The provision regarding temporary relief has enacted the Israeli Tax Authority's position within prime legislation, albeit indirectly, since it provides that the benefit would apply to exempt income that should not have been subject to tax until the application of the relief, if no triggering event has occurred, but excluding certain types of investments in a subsidiary, including granting loans to a subsidiary and acquisition of companies from third parties. In other words, the temporary relief will apply only to tax that should not have been paid yet. It will not apply to income that was previously distributed as dividend or to income that was distributed through events that are deemed dividends – excluding deemed dividend events that were triggered from investment in a subsidiary, a loan to a subsidiary, or acquisition of company. The actual meaning of such provision is that these types of investments in a subsidiary are now considered triggering events for the purposes of the former legislation. One may argue that this is a retroactive change in the law that, generally speaking, is unlawful and therefore may be invalid. However, such argument should still be analysed from a legal perspective.
In addition to the cash tax considerations outlined above, the Israeli Tax Authority's apparent change in position raises concerns that may have financial statement implications. If, before the enactment of the temporary relief, benefited companies took the position that investments and loans – down the chain – should not have been treated as dividends that trigger tax implications and therefore did not record liabilities related to the uncertainty of the tax position with respect to such investments, following enactment of the temporary relief companies should consider whether or not their tax provision needs to be updated. As to whether or not companies need to make a provision in relation to their past positions, companies that are about to perform either large distributions or large investments (or loans) in subsidiaries, with accompanying changes to their tax provisions, should consider applying the temporary relief, as it is expected to reduce their tax costs.
Maximisation of tax incentives and grants
We urge all companies to analyse their position under each of these provisions to ensure that they maximise the benefits from the potential tax incentives offered by the Israel Tax Authority.
The most pressing planning consideration that companies should immediately address relates to commencement of the benefits period under the new legislation. In general, companies enjoying the Israeli tax exemption should enjoy greater benefits by electing to postpone the application of the new legislation, while maximising incentives under the former legislation. However, the examination of how and when companies should elect to apply the new legislation should be made on a case-by-case basis, as it depends on each company's entitlement to specific tax incentives.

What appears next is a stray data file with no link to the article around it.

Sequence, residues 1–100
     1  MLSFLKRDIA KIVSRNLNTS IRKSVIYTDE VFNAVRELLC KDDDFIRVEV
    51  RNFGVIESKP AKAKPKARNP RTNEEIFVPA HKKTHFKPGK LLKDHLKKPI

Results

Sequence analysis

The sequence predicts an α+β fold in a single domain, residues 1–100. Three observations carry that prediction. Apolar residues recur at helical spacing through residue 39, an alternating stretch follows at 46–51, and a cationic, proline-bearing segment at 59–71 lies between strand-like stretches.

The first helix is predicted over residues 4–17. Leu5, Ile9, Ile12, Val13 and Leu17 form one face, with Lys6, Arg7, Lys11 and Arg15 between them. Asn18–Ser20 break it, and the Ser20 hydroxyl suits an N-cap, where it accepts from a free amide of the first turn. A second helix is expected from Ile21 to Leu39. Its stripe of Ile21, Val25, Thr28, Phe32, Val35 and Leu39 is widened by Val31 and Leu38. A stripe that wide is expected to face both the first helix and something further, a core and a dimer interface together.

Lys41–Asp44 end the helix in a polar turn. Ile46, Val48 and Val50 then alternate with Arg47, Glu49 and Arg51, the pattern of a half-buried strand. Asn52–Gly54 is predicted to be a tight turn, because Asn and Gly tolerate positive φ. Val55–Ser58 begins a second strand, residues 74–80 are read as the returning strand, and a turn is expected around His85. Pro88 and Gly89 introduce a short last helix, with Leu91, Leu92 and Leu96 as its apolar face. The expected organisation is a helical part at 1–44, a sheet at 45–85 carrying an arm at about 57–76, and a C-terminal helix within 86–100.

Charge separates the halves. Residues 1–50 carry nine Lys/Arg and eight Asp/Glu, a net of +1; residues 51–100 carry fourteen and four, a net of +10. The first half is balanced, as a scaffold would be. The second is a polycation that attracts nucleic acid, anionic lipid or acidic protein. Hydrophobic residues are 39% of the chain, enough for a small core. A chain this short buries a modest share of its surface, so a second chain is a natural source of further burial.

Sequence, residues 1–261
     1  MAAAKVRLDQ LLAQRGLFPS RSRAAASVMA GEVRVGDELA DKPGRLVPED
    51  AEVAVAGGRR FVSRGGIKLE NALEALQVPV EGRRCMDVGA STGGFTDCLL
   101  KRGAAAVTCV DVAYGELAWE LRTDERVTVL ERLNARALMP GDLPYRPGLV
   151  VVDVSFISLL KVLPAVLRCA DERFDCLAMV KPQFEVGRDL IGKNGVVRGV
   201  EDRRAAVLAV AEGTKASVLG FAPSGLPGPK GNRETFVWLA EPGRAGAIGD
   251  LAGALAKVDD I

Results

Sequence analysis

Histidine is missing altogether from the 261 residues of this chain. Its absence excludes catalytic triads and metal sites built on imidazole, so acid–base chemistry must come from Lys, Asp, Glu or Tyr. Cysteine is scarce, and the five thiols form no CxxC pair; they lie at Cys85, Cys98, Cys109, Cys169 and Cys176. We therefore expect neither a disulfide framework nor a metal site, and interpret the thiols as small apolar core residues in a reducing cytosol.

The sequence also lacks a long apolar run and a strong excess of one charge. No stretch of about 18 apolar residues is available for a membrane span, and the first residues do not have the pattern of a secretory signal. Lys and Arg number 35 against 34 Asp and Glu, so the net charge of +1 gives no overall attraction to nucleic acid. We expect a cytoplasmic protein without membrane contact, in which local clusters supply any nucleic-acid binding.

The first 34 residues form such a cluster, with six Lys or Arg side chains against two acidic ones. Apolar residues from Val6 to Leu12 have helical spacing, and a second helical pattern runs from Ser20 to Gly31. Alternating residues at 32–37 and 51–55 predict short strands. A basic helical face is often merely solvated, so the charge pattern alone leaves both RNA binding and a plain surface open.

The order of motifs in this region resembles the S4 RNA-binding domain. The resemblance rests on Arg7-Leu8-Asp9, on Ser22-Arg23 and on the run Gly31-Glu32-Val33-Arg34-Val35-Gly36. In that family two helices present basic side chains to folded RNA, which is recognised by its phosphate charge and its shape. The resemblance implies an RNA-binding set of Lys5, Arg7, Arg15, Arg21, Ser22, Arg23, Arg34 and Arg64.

Another consideration that should be taken into account is the company's intention to distribute profits, and whether such distribution would be to Israeli shareholders or to non-Israeli shareholders. This should be analysed based on the temporary relief.
We recommend that companies with trapped profits to consider applying the temporary relief and make all necessary procedures regarding the application of the Temporary Relief no later than November 12 2013.
With specific regard to M&A activity, including in the context of corporate acquisitions, the new legislation potentially allows for simplified structuring for profit repatriation and reduced effective rates of tax on such profits compared to the previous tax regime. This will need to be analysed on a case by case basis (for example whether the group structure includes more than one Israeli company, which incentive legislation applies to its enterprise).
Finally, we recommend benefited companies which took the position that investments and loans – down the chain – should not be treated as dividends which trigger tax implications and therefore did not record liabilities related to the uncertainty of the tax position with respect to such investments, should consider whether or not their tax provision needs to be updated.
The views reflected in this article are the views of the authors and do not necessarily reflect the views of the global Ernst & Young organisation or its member firms.
Partner, international tax services|
Ernst & Young
Tel: +972 3 6232534
Yaron Kafri has been an international tax partner at Ernst & Young Israel since 2005. In the context of his work at Ernst & Young, he served as head of the Israeli international tax desk at the New York office for two years.
Before joining the firm, Yaron served as a tax inspector at the Israeli Tax Authority and focused on banking and other financial institutions, stock markets, investment and holding companies.
Yaron has vast experience in assisting and consulting to foreign investments by Israeli companies as well as foreign investments in Israel. Most of his clients are prominent multinational Israeli corporations in real estate, high-tech and industries that invest abroad, as well as multinational foreign corporations that operate in Israel.
Senior manager, international tax services
Ernst & Young Israel
Tel: +972 3 6232 742
Doron Mutai is a senior manager at the international tax services department of Ernst & Young Israel. Doron joined Ernst & Young in 2004, after he practiced law at the district attorney of Tel-Aviv (tax and economics). Doron has vast experience in assisting and consulting to both inbound and outbound investments. He advises on a day-to-day basis to multinationals from various industries, including high-tech industry financial and insurance industry, telecommunications, real estate investments and private equity funds.
Doron has been involved in some of the largest acquisitions of Israeli companies and often advises clients regarding planning the acquisition, structuring, and post merger integration.